The woman sat next to me asked about euthanasia, which wasn't really discussed in the rest of the meeting. She said that we had to be wary of any bills making it legal, however restricted, as this would soon lead to what happened with abortion, which started with the requirement of a signature from two doctors that the woman would be harmed economically or in some other way by giving birth and ended with abortion almost on demand. Ann Widdecombe agreed, saying that she believed that ten years after 'voluntary euthanasia' first became legal, "no granny would be safe".Posted by Peter Cuthbertson | 17:39 | Permanent Link |
Conservative Party Conference Diary
Monday, 7 October (Evening)
I HAD READ in the newspaper before coming to the Conference that the party was considering giving special seating to younger members so that they would appear on the camera more often, giving the impression of a younger party. The ticket I had been given entitling me to reserve seating suggested the same, and it was confirmed when I got to the meeting-point, most of those with tickets being young, though not so many as to make it obvious. As the health debate was about to start, we were all seated on chairs near to the podium, and I saw Louise Hall wandering around with a permanently concerned expression, apparently encouraging anyone under about 30, or wearing a turban, to move down to the camera-friendly seats.
The debate itself was actually rather dull. I was sat in the third row from the left of the podium, the Shadow Cabinet being sat on the first row to the right, so I was directly opposite Iain Duncan Smith. Nonetheless, the guest speakers were apolitical and more than a little tedious. When the time for one minute contributions from the floor came along, I woke up a bit, though. One man spoke about embryo research, pointing out that all the worthwhile advances gained in the rest of the world had come without destroying human lives, and that we should follow their example, using only the stem-cells in adult bodies. "Tony Blair said we should not let our ideas of right and wrong impede science." He finished by declaring that nothing could come before right and wrong. I applauded enthusiastically, and noted that Liam Fox and IDS were both doing the same.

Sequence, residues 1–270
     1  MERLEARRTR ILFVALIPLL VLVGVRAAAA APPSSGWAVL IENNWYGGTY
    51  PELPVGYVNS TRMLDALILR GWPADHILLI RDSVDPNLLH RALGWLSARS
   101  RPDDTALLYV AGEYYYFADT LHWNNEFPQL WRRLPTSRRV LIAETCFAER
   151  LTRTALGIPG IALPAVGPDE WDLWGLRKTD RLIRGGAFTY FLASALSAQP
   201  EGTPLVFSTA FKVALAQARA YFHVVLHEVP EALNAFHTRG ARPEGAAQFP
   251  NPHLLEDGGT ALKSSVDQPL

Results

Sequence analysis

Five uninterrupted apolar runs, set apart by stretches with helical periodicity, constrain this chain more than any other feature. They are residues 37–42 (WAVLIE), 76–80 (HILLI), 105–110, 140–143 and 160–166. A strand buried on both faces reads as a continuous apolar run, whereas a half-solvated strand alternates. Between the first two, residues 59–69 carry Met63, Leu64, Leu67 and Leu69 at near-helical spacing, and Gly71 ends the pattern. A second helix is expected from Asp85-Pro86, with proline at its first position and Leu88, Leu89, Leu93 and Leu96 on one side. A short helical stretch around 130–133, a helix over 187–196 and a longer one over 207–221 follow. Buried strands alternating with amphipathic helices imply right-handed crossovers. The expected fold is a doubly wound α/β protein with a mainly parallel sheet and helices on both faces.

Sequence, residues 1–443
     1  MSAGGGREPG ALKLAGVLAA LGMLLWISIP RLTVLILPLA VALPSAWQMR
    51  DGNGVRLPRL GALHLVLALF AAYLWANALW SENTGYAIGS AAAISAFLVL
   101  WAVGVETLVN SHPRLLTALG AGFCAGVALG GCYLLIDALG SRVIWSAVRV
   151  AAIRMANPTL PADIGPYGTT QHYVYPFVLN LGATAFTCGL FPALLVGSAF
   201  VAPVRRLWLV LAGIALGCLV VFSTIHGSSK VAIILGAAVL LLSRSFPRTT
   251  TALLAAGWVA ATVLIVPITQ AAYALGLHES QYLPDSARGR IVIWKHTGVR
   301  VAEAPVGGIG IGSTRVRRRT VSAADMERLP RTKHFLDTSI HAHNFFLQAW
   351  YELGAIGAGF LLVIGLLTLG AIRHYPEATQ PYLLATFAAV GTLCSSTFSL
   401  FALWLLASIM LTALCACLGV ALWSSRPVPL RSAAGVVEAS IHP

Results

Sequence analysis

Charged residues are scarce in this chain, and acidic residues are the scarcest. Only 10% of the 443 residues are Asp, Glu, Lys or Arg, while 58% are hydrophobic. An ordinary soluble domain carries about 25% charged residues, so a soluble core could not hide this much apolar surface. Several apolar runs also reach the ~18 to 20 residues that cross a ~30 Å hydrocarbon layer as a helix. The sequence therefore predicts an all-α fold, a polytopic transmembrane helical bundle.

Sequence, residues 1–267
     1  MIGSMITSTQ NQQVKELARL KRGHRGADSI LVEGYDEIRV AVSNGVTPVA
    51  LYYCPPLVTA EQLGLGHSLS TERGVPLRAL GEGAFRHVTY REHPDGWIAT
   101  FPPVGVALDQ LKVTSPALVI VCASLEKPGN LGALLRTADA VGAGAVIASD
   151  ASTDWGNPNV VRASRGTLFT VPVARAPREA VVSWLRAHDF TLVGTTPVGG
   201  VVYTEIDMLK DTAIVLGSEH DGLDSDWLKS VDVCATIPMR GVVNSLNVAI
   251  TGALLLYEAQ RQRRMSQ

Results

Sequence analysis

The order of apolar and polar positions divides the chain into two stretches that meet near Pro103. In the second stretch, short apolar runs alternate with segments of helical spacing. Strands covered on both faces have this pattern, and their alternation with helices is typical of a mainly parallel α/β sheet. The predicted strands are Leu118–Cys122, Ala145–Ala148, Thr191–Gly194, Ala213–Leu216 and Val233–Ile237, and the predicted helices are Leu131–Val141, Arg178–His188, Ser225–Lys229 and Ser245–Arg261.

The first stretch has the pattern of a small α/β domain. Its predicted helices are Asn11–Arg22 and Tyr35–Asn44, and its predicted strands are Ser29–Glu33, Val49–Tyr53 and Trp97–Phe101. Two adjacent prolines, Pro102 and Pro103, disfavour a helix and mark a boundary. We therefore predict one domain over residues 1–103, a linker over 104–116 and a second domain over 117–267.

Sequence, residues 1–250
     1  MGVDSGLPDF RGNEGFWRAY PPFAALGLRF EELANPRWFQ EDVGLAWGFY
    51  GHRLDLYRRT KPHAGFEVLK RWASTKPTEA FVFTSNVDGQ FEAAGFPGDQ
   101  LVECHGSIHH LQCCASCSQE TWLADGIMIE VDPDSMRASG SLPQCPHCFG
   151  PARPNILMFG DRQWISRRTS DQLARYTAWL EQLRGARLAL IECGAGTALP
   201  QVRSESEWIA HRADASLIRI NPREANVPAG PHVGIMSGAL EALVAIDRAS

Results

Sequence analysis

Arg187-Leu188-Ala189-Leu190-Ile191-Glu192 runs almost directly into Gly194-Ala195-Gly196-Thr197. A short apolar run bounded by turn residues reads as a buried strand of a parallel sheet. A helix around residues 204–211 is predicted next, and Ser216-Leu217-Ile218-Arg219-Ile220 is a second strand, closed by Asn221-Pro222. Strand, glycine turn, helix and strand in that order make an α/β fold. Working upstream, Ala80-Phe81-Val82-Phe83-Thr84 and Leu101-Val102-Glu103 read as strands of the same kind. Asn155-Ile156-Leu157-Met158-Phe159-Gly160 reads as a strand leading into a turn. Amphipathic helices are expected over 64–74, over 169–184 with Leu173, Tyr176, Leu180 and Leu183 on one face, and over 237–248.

One eccentric of the sort that are too rare these days spoke soon afterwards in a rather rambling way. When he reached the words "And remember, Plato warned us ..." the conference hall laughed loudly, wondering where this was going, IDS very amused. Eventually he went over his time and was told to stop.
The debate closed with Liam Fox's speech, as radical and optimistic as Damien Green's. Fines for those who "use ambulances as taxis" and failed to attend their NHS appointments were promised. State support for those who took out private health insurance was to be restored. He talked of Sweden's system of the government paying 60% of the cost of a private operation to those who chose to remove themselves from the waiting lists and from the state's concern. These proposals, he went on, he found attractive.